CHICAGO — Remdesivir, the only drug given emergency approval for treatment of COVID-19, appears to provide equal benefits to white, Asian, Black and Latino patients, according to an analysis led by researchers at University of Chicago Medicine.
It’s encouraging news, infectious disease experts say, because of the disparate effects of the disease on different groups. Black people are dying at higher rates than people of other races, and Latinos are contracting the disease at higher rates than others.
Dr. Kathleen Mullane, a UChicago Medicine infectious disease expert, said the results — which were reviewed by other scientists but are not published in a medical journal — are particularly encouraging for her institution given that it treats many patients of color. “We are so proud and excited and happy that our patients did well,” she said.
Mullane led UChicago Medicine’s arm of a drug trial conducted by Gilead Sciences, the manufacturer of the antiviral drug. It was one of two studies, with the other conducted by the National Institutes of Health, that led the Food and Drug Administration to issue an emergency use authorization for remdesivir as a treatment for COVID-19 patients.
The trials found that patients placed on remdesivir who recovered did so faster than those who did not receive the drug, which is administered intravenously and is being rationed by the federal government. Those faster recovery times are helpful to both patients who are suffering and hospitals at risk of becoming overwhelmed with caseloads, doctors said.
UChicago’s new analysis, relying on data from the Gilead trial, showed that “traditionally marginalized racial/ethnic groups do not have worse clinical outcomes compared to other groups,” according to a presentation by Mullane at a virtual international conference on COVID-19. In fact, Black patients had slightly better outcomes than the other three racial and ethnic groups that were analyzed, the presentation states.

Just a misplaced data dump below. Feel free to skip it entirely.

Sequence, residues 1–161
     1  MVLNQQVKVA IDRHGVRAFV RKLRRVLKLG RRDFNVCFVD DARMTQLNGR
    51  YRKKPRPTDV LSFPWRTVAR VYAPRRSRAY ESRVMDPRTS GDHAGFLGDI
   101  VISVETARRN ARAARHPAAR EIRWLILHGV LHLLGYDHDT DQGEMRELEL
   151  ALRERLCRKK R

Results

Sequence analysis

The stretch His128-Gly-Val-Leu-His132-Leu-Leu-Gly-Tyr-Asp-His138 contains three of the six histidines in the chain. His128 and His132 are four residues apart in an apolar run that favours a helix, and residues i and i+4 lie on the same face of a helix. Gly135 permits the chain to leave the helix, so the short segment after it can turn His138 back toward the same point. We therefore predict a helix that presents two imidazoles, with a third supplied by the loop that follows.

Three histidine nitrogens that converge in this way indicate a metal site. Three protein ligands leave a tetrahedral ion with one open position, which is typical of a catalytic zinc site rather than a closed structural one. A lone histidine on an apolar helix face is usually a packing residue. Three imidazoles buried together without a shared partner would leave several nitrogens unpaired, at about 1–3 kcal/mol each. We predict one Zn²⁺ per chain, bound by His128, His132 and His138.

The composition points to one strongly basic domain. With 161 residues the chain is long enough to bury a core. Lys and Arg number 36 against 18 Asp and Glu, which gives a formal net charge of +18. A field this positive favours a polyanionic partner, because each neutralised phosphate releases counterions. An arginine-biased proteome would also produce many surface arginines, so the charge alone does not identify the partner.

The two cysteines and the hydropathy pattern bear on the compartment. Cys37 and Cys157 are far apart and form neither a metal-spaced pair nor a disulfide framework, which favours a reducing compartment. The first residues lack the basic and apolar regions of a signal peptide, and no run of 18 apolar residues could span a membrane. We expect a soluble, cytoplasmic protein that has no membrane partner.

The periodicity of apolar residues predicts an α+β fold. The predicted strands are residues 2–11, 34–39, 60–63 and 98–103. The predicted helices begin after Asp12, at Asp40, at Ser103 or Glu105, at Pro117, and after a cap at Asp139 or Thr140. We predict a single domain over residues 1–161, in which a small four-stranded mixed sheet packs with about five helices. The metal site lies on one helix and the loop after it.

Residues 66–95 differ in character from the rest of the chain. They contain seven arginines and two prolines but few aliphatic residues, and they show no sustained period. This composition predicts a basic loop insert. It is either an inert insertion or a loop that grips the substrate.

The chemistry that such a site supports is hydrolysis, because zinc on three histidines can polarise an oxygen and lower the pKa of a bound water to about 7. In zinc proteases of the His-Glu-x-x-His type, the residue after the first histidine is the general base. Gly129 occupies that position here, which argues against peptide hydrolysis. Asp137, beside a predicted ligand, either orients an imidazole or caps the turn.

The data, the researchers said, was adjusted to account for preexisting risk factors. Although many women participated in the study, there was no evaluation in the analysis of how well female patients fared compared with men. Further evaluations of the data are being conducted.
Mullane said there may be benefits to expanding the use of remdesivir so it’s given to patients earlier in the trajectory of their disease — in keeping with UChicago Medicine’s efforts to get people on the drug before they “needed aggressive ventilation” to help them breathe.
“If we were able to treat people earlier, we might be able to do even better,” Mullane said in an article on the analysis prepared by UChicago Medicine. “We want to start therapy while the virus is present and actively replicating, not after it’s cleared and the immune system has gone haywire.”
She was referring to an overreaction to COVID-19 by the immune system that afflicts some patients and becomes as much of a problem as the disease itself.
Some doctors are using the steroid dexamethasone to treat COVID-19 patients after they have been placed on ventilators. It appears to lower death rates in those patients, but supply is an issue.
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